Some unnamed person at CNet is tense about Apple getting attention for the Virginia Tech Big Mac project. If you remember, the VT project used 1,100 Power Mac G5s to make the worldis third fastest supercomputing cluster. Better yet, the university did it for a mere US$5.2 million, a tiny fraction of the cost of any of the other top 10 ranked supercomputers.
Understandably, this made lots of news last year when the story broke, and it gave Apple new cachet in a market where the company had never before been a player. Not so fast, says CNet Newsi unsigned commentary. That figure doesnit count the free student labor, and besides, itis really no big deal anyway. Corporate customers are all about the Big Boys in this market, so this Apple thing is just not important. From the commentary:
In an academic environment, there are plenty of graduate students on hand to figure out the best arrangement of processors, memory and network gear for a given task. Students also can translate software written for other computers to Appleis systems, which with a single machine now on the top 500 list are far from prevalent in the supercomputing arena.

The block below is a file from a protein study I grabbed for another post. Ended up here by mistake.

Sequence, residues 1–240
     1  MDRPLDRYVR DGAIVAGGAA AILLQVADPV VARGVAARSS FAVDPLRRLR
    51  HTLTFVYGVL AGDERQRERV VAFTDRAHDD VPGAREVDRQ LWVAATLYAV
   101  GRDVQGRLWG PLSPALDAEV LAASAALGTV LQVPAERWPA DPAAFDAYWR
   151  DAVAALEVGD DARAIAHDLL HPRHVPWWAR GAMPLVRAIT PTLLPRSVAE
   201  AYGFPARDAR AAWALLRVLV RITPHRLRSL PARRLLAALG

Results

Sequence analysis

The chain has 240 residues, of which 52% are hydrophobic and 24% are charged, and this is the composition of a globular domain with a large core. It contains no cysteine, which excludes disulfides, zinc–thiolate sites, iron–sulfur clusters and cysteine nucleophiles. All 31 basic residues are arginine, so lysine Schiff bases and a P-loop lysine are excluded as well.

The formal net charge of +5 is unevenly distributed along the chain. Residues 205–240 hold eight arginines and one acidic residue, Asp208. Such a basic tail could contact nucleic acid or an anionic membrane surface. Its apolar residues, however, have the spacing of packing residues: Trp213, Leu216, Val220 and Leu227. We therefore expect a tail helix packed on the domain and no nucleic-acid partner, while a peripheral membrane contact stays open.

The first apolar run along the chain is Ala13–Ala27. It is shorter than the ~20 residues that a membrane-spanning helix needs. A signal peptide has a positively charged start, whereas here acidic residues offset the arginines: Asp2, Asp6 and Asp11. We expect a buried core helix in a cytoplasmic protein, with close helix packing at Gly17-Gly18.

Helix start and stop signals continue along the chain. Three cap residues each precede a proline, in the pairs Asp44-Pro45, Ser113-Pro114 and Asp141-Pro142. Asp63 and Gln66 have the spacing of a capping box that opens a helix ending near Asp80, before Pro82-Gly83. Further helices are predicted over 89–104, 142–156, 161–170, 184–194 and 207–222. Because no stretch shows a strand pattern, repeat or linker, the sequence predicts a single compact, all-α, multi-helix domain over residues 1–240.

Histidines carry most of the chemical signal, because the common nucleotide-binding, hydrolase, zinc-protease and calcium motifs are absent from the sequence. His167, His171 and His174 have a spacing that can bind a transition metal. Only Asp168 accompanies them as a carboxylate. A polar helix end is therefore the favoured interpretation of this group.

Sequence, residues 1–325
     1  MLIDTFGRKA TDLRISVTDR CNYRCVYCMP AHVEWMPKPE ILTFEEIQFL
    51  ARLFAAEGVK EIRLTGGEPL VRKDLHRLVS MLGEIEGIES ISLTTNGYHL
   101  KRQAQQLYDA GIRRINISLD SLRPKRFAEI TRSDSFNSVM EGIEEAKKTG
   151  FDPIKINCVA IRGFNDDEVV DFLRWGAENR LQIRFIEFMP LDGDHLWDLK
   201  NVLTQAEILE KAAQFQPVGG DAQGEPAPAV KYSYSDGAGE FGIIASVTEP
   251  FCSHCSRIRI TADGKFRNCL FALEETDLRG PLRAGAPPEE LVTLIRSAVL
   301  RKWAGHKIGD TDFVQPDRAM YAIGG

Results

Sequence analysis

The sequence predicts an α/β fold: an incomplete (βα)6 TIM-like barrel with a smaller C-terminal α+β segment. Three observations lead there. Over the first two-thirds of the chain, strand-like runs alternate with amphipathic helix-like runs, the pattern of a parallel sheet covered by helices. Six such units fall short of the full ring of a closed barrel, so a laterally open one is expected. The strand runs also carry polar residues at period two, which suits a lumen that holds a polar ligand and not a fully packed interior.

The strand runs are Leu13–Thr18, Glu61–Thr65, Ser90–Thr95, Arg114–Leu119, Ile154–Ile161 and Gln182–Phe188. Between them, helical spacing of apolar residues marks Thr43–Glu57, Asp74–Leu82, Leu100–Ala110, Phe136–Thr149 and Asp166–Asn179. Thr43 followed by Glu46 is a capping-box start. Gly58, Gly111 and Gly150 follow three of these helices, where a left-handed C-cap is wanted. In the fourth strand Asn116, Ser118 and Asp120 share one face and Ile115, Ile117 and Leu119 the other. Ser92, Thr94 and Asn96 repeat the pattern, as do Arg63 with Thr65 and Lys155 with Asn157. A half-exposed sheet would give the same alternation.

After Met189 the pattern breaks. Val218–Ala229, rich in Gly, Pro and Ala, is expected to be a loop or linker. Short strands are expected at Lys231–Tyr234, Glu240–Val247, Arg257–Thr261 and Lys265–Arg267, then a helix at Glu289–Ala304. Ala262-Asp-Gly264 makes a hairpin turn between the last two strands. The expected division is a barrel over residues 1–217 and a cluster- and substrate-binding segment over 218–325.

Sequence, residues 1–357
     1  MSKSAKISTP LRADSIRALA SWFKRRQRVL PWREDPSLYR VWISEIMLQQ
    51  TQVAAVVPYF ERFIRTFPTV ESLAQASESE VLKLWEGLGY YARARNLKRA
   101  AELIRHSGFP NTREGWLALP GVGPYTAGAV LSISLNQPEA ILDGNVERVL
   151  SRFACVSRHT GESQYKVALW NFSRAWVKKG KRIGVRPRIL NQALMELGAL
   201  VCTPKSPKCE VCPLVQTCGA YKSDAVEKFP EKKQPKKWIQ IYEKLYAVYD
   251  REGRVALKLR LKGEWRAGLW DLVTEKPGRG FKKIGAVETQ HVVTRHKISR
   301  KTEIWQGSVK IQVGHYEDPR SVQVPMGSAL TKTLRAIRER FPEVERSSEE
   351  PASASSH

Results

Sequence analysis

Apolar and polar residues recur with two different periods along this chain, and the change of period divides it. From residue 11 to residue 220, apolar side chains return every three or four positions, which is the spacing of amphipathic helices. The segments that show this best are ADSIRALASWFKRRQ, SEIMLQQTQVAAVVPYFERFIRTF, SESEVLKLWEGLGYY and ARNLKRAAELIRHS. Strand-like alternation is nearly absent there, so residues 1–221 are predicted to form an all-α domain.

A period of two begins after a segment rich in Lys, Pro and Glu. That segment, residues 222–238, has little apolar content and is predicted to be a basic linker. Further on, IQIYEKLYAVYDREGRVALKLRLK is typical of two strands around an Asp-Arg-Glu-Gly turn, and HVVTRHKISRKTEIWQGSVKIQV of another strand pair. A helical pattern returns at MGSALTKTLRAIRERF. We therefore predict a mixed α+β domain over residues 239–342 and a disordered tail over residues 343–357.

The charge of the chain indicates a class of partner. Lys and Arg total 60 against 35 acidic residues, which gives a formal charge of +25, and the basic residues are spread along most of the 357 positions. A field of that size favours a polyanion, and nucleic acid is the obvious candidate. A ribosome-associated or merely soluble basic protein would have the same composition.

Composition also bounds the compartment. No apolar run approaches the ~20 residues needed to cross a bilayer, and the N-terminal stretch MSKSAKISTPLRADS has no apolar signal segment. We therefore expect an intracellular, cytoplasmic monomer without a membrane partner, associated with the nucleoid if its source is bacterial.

So the Apple project at Virginia Tech may be a wonderful educational project, but commercial customers who have less interest in experimentation are more likely to pay specialists at Linux Networx, RLX Technologies, IBM, Sun Microsystems, Dell or Hewlett-Packard to plan the plumbing, package the software and plug in the cables. And those companies arenit going to rely on Macs.
You can find the full commentary at CNet Newsi Web site.